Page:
Several years of community effort in the Bailey's Crossroads area came to truition recently when the new Bailey's Community Center officially opened.

The center, next to the farmer Lillian Carey School at Summers Lane, is the first major improvement to be completed in the Bailey's Neighborhood Conservation Area program since Neighborhood improvement and Conservation Plan was adopted in 1976 by the Fairfax Board of Supervisors and the county Redevelopment and Housing Authority.

The center houses a combination gymnasium and multipurpose room, a teen room with pingpong, billiards and games, a senior citizens' arts and crafts and a kitchen. The facilities can be used by the handicapped. On the grounds outside are a spray pond and an amphitheater.

Homeowners in the Bailey's Spring-dale area frist requested recreation center funding for the community's 1,500 residents in December 1974.

In 1975, money was approved by the board of supervisors to hire an architect to design the center.

The firm of Fry and Welch Associates of Washington was chosen by an architectural selection committee, which included a Bailey's resident.

During the design stages, a community center advisory committee, made up of Bailey's residents, reviewed the architect's plans. The committee approved the final plans in April 1976.

The center cost $586,900 - $576,900 in federal community developement funds and $10,000 from general county revenues. The general contractor for the project was Littlepage Corp. of Fairfax.

Col. Charles Robinson, a longtime area resident who has been working for the community center for several years, told the 200 persons at the ceremony that the new center was an example of what can be accomplished if the community works together.

"This is a giant step," he said, "but there are other areas that need our attention. Let's have the best program and most active center in the county. But let's not forget there is other work to be done (in our conservation district)."

Robinson is a member of the community center planning committee. Other members are Rosa Wood, Eugene Puryear, Mary Puryear, Clarence Pitts, Houston Summers and Pamela Washington.

Acting as master of ceremonies for the dedication was Carl A.S. Coan, Jr., vice chairman of the Redevelopment and Housing Authority of Fairfax County. On hand to cut the ribbon for the ceremony was Mason District Supervisor Alan Magazine, who praised the community's efforts.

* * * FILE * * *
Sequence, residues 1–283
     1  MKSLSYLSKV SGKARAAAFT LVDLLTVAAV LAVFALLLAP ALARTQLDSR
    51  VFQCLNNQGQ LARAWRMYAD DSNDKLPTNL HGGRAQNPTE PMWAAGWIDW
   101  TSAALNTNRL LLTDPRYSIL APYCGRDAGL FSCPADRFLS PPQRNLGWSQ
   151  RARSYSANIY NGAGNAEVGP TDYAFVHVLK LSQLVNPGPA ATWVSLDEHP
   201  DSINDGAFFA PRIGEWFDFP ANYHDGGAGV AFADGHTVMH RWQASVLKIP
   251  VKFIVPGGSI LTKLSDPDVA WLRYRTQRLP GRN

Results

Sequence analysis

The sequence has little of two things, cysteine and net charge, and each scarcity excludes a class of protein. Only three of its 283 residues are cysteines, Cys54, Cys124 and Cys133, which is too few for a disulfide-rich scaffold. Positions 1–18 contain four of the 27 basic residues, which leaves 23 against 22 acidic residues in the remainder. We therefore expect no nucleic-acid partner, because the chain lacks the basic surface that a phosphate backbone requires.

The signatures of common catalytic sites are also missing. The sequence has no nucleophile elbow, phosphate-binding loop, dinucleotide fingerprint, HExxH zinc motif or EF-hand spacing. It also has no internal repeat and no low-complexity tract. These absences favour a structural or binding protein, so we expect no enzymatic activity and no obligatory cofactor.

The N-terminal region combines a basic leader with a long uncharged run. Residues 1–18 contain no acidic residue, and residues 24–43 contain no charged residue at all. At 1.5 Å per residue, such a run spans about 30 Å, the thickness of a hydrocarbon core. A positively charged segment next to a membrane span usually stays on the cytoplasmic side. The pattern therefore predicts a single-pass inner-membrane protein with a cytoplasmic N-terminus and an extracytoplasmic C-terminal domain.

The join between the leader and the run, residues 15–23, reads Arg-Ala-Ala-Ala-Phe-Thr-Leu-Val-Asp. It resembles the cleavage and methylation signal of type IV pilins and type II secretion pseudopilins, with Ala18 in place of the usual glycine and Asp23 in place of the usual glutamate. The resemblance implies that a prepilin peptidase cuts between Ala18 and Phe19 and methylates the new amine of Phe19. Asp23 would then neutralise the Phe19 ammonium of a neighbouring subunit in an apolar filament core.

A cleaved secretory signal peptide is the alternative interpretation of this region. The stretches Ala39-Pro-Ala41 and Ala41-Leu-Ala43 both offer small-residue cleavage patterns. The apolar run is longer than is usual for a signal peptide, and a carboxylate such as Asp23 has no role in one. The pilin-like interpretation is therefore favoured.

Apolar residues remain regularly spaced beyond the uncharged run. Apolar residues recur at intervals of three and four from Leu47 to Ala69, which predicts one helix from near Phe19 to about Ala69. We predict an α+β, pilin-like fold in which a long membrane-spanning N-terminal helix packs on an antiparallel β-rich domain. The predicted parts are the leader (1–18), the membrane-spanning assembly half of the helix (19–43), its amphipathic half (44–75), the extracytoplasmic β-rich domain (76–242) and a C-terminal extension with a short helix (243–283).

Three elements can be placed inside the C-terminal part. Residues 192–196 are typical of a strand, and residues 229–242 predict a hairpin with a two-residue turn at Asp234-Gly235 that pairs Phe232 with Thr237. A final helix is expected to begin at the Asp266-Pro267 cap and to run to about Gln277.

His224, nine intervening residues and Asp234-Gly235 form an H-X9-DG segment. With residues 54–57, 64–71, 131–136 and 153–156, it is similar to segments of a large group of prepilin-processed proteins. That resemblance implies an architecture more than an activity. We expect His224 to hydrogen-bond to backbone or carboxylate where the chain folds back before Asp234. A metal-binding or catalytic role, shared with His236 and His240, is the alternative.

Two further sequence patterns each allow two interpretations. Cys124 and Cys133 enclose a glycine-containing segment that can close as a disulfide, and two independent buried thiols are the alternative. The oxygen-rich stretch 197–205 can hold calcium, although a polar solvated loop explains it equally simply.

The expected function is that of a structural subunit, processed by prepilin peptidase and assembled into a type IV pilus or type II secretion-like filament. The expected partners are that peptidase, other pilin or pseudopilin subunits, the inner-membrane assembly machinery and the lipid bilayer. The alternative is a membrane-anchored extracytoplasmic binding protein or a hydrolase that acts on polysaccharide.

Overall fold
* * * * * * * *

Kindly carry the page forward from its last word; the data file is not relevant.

Houston Summers, who in addition to being on the center planning committee is also president of the Springdale Civic Association, told the audience that the center is just one of several bring about since the early 1960s. He cited an improved storm drainage system and road, sewer and sidewalk improvements.

Other speakers at the dedication included John F. Herrity, chairman of the board of supervisors; Sarah Underwood director of Community Planning and Development of HUD, and Julia Sheppard, who with Wood, gave a history of recreation program efforts in the community dating from the 1940s. Wood ran one of the first recreation programs in 1952 on a vacant lot in the community.

Music was provided by the Warner Baptist Church Choir and the Scripture Church of Christ Choir. A buffet followed the dedication with music provided in the gym by a local rock group.

The day-to-day operation of the center is handled by the Fairfax County Department of Recreation and Community Services. The center is open 9 a.m. to 10:30 p.m., Mondays through Saturdays, and from 2 to 6 p.m., Sundays.

An after-school playground program between 3 and 6 p.m. is scheduled all school days in February. Friday and Saturday nights have been reserved for teens. Other activities scheduled this month include youth basketball, volleyball, sports clinics, children's activities and senior citizens programs.